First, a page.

Fredric L Coe, MD
Hi Matthew, That is a very complex and potentially dangerous disease, and I hope you are receiving care via a major center with skills in its management. Diet is of marginal help except that high sodium intake and avoidance of diuretics are important to reduce risk of kidney damage.The linked case is hyperoxaluria from intestinal bypass, but oxalate is oxalate, and the physiology applies broadly. The low sodium aspects of the kidney stone diet are not correct for you, nor is the high diet calcium unless carefully monitored. I am sure you know that Mayo Clinic has a special program for PH1. Regards, Fred Coe
I am 63 and stand 75 inches and weigh about 190 lbs. I follow Jill’s course and my numbers are all good according to Jill. I had a total right nephrectomy in 2016 when I had my first and only stone and thyroidectomy in 2018. Both due to cancer. My eGFR is 54 and my creatinine is at 1.4. My nephrologist has limited my protein intake at the same levels as Jill and you recommend but I am noticeably losing muscle mass. I try to eat about 2500 calories per day. Any thoughts or advice?
Fredric Coe, MD
Hi Kevin, Losing muscle mass is a medical problem, and a bit beyond the range of this site. Given the thyroid disease, perhaps your replacement dose of thyroid hormone is too high. Eating 0.8-1 gm/d of protein – the right range – should not cause muscle loss. Be sure you are not too low in protein – 24 hour urine PCR will show you that. Otherwise, if none of this works, your physicians will have to figure it out. Regards, Fred Coe
Any information regarding nutritional drinks for cancer patients?
My mother underwent treatment and diet is almost exclusively Boost Very High Calorie (problems with swallowing and dry mouth).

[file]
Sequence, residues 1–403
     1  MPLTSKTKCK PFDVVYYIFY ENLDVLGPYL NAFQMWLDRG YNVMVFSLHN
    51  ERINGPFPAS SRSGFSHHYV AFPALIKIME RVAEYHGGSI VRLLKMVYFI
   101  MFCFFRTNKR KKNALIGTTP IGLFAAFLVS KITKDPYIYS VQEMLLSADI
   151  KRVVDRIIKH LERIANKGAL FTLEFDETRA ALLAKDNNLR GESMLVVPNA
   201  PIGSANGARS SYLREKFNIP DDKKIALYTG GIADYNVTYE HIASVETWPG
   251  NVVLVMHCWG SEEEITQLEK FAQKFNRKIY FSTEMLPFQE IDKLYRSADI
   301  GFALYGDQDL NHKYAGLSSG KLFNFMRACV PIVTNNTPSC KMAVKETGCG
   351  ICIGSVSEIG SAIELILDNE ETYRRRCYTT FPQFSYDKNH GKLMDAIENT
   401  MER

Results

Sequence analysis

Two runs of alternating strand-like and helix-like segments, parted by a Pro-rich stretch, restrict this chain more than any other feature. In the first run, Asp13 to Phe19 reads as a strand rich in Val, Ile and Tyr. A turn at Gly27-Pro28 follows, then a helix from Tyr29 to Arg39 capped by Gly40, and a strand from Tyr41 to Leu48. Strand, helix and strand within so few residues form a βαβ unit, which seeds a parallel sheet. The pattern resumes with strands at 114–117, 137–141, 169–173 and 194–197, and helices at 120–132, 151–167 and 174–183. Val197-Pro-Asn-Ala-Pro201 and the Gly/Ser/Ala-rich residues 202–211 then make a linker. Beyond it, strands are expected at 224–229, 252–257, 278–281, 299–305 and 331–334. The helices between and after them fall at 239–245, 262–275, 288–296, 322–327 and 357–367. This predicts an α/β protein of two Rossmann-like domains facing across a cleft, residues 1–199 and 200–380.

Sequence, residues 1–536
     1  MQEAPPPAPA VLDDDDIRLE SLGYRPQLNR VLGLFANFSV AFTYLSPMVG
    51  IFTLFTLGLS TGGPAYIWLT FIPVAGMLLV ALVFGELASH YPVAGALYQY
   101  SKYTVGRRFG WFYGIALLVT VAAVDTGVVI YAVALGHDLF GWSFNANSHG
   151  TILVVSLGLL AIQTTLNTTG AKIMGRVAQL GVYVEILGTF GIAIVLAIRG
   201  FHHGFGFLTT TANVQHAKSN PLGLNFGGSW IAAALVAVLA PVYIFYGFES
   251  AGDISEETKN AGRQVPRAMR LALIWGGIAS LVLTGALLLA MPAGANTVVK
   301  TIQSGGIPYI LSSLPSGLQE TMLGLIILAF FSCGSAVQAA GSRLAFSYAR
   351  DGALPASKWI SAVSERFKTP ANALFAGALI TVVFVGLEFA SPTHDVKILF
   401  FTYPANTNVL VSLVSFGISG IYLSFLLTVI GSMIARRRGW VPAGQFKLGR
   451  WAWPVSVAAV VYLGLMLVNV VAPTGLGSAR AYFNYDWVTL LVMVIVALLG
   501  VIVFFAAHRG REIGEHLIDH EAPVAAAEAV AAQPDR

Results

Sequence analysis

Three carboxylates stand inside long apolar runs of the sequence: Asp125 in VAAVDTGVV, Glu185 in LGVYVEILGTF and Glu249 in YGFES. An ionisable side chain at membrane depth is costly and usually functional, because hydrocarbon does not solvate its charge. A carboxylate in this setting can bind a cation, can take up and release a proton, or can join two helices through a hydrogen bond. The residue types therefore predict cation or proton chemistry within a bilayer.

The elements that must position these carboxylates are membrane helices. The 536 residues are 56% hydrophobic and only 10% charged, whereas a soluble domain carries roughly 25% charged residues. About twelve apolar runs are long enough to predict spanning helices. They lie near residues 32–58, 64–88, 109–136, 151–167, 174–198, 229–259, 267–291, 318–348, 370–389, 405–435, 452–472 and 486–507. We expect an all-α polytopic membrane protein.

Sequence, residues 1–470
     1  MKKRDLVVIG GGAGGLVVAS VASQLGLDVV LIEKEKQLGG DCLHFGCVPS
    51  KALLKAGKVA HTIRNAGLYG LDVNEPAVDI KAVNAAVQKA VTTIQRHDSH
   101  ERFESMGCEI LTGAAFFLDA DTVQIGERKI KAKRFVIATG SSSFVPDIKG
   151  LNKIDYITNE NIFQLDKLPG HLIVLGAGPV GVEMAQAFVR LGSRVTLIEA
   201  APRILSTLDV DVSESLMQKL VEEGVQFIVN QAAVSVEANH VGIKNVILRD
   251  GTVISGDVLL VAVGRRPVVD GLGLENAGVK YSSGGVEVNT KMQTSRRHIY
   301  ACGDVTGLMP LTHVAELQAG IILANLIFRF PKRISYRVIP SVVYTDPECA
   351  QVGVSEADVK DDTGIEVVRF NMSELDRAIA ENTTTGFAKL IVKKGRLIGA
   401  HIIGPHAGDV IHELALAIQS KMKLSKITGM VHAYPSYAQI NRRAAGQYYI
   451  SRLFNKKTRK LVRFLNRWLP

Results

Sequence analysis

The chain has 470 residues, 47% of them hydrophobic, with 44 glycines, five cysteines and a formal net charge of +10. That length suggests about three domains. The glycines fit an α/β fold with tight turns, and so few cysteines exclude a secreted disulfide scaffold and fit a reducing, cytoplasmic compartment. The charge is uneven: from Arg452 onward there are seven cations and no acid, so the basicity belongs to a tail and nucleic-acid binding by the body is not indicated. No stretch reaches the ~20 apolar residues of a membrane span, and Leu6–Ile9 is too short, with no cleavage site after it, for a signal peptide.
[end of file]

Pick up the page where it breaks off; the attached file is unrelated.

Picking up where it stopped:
She developed calcium oxalate kidney stones this year.
Fredric Coe, MD
Hi Laura, If she is getting very high protein intake that could raise urine calcium and cause stones. It has soy protein and could be high in oxalate. The best approach is to do a 24 hour urine and see what is causing the stones. Regards, Fred Coe
What is the recommended protein intake for a 77 year old? Her current intake (from Boost VHC) is 66 Grams/day.
Fredric Coe, MD
Hi Laura, I do not know her weight but 1 gm/kg of body weight is ideal usually. For special supplementation after illness one might want more for some limited time. Regards, fred Coe
Any data on oxalate content and coconut milk
Hi M Butensky,
We have no hard data, but I do have my patients eat and drink coconut products and their urinary oxalate remains lower than before they started the diet (and adding coconut products).
Hello Dr. Coe,
I recently passed my 2nd stone, (“several” 1-2 mm left in right kidney), composition:
6MM, 98% Calcium Oxalate Monohydrate, 2% Protein
My first was,
4MM, 96% Calcium Ox, 2% Protein, 1% ea Calcium Phospate Carbonate/Hydroxyl
My 24 hr urine comparison revealed,
Urine volume up from 1.71 to 2.54
CaOx down from 7.42 to 4.99
Urine Sodium down 171 to 105
Calcium/Creatine 211 to 207
PH up from 6.0 to 6.1
Urine Calcium up 244 to 284
Protein .9 to 1.4
Phosphorus .826 to 1.085
Sulfate 30 to 55
Nitrogen 7.32 to 12.69
Calcium/kg 3.7 to 4.3
During this 24 hr analysis, I tried to keep it somewhat real and did not realize the sodium in “reduced sodium” soy sauce (2400 per 1/4 c.) so that was out of ordinary, will not use again!
I didn’t record foods in 1st 24 hr to compare.
Sodium 3,000 overall – holy cow if I ingested 1/4 c. so may be overstating
Protein about 69 (high also)
Calcium only 69% of 1200 goal
Thiazide recommended but doing another analysis in 3 months first. I really don’t want to take medication. Could this be off due to my diet sodium, protein, calcium above? Surprisingly my sodium was within range(?)
Suggestions? Thank you so much in advance!
Fredric Coe, MD
Hi Lisa, One more! This one adds that you know your sodium was too high and calcium low, protein high. So, fix this and retest. Regards, Fred Coe
Hi, I’m in New York.
My husband has kidney stones almost every year for about 30years.